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What I learned from the ocean
Pass it on
Pass it on
I'm reading
What I learned from the ocean
Pass it on
Pass it on
I'm reading
What I learned from the ocean
Pass it on
Pass it on
Articles
19 November 2018

What I learned from the ocean

Climate activist Anna Rose draws on an experience of the ocean as a metaphor for our comfort zones.

Written by Anna Rose

Behind extraordinary ideas, there are extraordinary people. Dumbo Feather is a magazine about these people.

Photo by Jenny Bess on Unsplash

The ocean was my teacher yesterday.

Well, she’s always my teacher—I just don’t get many lessons anymore. I live in Canberra, surrounded by the Brindabella mountains and Monaro plains. Landlocked. So when I go to Sydney, if the ocean temperature is above 16 degrees, I swim.

Yesterday at Bondi, the water was 17 degrees. I woke up in my friends’ apartment, grabbed a towel and walked to the beach, passing the old-timers talking in their speedos, the morning joggers, the Bondi yogis drinking green smoothies, the homeless people, the dog walkers and the mothers with tired eyes pushing prams along the concrete.

When I got to the shore, there was only one other swimmer. It was a surf morning: big waves, lots of whitewash, and the water got real deep real quick. Back when I lived in Sydney, I wouldn’t have gone out on a day like this. But this was a rare treat and I wasn’t going to waste it because I was scared of what might happen.

So I stepped in. Dove under the shore breakers. Wet my hair. Felt the bracing chill. Waited for the set to finish and swam out. The other swimmer—a man in his sixties—used the break to swim in. He gave me a friendly nod on the way.

The water was deceptively calm. I’d seen the waves in the previous set and knew they’d be back but I wasn’t worried. I stretched out, felt the buoyancy and the push-pull of the current and took slow leisurely strokes while looking up at the sky. Peace. Some people have religion, some have meditation. I have the ocean.

Then I looked out to sea and saw the swell of a wave forming. Bigger than the previous set. I could feel my heart beat in my chest. The wave reared up and I raced towards it, coasting over the top of the crest and letting it lift me as it broke just over the top of my head. The pattern continued—big wave, swim towards it. But they were becoming bigger and faster, each one pulling me closer to the whitewash zone. So I started diving under them instead of rising over the crests, and a little voice posited some questions: How long has it been since you’ve been in big waves? How’s your back problem? It’s making swimming harder than it used to, isn’t it? Why did you go swimming alone, and early—before the lifeguards are on duty? Memories surfaced of being dumped by big waves as a teenager: being rolled over and over under a wave of whitewash that won’t let me up for air.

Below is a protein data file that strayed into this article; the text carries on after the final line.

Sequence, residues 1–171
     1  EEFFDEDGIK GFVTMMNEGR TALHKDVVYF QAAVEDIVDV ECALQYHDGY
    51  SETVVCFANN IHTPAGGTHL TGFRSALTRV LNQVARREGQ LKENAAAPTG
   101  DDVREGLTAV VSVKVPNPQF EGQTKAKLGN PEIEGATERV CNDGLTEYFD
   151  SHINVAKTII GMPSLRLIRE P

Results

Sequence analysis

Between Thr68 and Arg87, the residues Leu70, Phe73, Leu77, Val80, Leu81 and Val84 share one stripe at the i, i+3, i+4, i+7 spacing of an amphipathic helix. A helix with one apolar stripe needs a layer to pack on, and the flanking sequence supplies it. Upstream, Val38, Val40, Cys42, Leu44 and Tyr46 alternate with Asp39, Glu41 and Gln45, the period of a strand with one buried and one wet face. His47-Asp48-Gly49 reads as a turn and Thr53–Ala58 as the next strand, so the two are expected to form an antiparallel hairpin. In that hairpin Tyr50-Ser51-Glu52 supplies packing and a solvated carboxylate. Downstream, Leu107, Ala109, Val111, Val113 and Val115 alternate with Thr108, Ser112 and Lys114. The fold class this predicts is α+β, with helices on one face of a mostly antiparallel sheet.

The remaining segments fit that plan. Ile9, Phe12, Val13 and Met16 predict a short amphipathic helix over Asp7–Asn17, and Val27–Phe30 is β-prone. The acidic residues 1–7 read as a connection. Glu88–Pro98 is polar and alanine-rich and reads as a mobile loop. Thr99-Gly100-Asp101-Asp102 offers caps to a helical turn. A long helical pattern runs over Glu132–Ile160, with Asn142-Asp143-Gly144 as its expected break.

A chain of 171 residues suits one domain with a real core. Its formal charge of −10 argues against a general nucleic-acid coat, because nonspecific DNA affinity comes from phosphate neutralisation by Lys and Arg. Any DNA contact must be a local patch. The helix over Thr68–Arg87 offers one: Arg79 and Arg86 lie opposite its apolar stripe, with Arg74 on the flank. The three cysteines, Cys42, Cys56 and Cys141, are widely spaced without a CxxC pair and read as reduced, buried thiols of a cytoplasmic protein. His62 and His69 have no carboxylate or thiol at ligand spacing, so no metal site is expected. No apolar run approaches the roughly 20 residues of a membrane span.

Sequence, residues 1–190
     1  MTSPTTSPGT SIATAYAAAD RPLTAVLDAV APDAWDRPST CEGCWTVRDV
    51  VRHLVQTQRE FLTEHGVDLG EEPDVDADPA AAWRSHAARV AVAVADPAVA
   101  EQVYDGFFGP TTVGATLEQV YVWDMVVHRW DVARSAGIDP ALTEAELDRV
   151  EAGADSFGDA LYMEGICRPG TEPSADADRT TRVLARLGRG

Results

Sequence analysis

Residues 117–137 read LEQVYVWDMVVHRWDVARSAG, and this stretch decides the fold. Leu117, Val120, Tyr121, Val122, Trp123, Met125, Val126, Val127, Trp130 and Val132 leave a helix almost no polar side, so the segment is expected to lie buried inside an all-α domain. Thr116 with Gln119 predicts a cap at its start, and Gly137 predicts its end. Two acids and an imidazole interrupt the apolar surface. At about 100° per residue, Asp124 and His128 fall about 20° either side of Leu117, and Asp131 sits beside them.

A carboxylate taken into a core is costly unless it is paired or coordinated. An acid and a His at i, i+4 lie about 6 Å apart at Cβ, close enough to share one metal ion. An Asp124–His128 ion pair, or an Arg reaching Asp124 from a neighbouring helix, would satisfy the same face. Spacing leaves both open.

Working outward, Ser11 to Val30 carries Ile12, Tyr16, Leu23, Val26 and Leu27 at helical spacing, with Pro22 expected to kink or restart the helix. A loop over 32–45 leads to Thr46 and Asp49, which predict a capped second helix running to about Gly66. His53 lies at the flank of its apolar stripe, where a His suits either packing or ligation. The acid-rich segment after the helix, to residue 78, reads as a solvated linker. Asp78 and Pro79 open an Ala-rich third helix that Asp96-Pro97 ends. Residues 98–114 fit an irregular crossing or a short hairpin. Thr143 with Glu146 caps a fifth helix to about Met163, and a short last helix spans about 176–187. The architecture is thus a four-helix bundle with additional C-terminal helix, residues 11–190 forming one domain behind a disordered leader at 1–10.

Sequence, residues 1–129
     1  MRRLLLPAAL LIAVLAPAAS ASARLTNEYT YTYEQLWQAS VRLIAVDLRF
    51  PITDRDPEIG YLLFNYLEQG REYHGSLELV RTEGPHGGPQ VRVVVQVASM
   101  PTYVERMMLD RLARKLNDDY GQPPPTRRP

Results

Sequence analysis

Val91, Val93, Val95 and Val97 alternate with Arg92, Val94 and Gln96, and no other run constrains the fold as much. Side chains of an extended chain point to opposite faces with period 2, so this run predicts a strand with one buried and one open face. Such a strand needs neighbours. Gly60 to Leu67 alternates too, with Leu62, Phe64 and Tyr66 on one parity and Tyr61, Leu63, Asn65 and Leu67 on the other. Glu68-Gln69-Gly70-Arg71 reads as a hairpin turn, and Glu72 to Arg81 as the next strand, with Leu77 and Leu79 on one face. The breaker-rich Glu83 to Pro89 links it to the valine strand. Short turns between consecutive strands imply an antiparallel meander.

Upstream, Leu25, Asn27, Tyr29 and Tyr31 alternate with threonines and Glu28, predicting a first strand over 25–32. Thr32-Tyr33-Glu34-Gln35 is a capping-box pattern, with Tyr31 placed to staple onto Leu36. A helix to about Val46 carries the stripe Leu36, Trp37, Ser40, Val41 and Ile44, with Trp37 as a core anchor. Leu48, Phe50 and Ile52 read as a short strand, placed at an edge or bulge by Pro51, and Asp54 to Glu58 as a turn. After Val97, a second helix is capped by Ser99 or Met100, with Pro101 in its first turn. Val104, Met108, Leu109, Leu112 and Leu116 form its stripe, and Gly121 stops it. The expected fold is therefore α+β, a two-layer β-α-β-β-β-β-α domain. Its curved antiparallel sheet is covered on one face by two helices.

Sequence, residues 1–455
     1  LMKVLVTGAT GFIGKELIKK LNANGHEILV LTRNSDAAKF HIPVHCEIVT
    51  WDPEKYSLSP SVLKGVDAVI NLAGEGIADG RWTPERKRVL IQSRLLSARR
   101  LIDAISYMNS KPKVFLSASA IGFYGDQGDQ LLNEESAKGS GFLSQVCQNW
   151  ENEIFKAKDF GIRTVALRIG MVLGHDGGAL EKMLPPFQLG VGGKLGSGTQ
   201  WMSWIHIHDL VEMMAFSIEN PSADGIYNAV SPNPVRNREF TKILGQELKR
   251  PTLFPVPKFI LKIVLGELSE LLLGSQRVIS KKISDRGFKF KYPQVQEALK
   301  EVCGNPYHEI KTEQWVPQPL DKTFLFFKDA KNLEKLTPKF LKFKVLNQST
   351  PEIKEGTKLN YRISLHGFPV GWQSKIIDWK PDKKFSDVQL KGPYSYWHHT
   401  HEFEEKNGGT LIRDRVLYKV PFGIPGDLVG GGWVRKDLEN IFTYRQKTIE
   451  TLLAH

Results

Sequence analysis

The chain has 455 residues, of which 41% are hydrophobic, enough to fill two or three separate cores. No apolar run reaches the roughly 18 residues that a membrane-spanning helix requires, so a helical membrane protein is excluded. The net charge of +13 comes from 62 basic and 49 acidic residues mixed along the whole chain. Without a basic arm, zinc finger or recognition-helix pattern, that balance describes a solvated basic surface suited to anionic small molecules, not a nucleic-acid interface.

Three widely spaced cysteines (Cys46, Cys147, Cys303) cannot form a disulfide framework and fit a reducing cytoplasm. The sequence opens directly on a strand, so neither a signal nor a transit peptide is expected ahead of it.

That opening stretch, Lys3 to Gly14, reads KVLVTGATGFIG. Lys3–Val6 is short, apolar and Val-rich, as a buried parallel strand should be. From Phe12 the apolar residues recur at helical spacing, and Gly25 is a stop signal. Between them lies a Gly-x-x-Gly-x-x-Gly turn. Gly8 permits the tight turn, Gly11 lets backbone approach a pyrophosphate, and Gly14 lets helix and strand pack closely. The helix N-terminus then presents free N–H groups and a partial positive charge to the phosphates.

But there was another voice in my head that I forced myself to I listen to. You used to be a surfer. You were in waves bigger than this every morning before school. You know what to do. Breathe, go under the wave, come up for air, repeat. You checked for rips before you got in; there aren’t any. You can either wait this set out until it’s calm, going under each wave, or you can go in—you’re close enough to shore that you can ride a few waves in without much difficulty. You can do this. 

I took some deep breaths, dove under a few more waves, then decided to let them carry me in. Soon I felt the sand under my toes and was back at the shore wrapping my towel around me, heart pumping harder than usual.

The rest of the day was great. I felt alive. My mind was clear, as it always is after I’m immersed in salt water.

A few weeks prior to this incident, I ran a workshop about comfort zones with a very special group I’d been part of at Heron Island research station. The concept is simple. There’s a diagram that shows the three states of life we can be in: our comfort zones, our learning/challenge zones and our danger zones.

The idea is that we should all be operating at the edge of our competencies—stretching and pushing ourselves so we don’t stagnate. Getting out of our comfort zones, but not so far away that we enter our danger zone, where we’re overwhelmed and at risk of hurting ourselves or others.

That morning at the beach, I’d unwittingly stumbled on the perfect metaphor.

  • Lying on the sand on your towel = comfort zone
  • Swimming in waves just a bit deeper than you normally would, and coping = challenge zone
  • Drowning in the deep ocean = danger zone

Each of these zones can be totally different depending on the individual.

I was fine that morning because I had the skills, experience and attitude necessary to cope with the big waves—just! But those waves were big enough that if it had been a different person, with less ocean experience, who had allowed panic to set in—there could have been serious trouble.

Climate change demands big things of us. We have to rise to a challenge bigger than our parents could have dreamed we’d need to. Bigger than our school system prepared us for. Bigger than the challenges we navigate in our everyday lives. It’s a planet-sized challenge, and we can each play a role.

But we’re running out of time. The sea is rising, friends. It’s time to learn to swim.

Anna Rose

Anna Rose is an Australian author, speaker and environmentalist who works on a number of strategic initiatives to help Australia make progress on climate change and sustainability.

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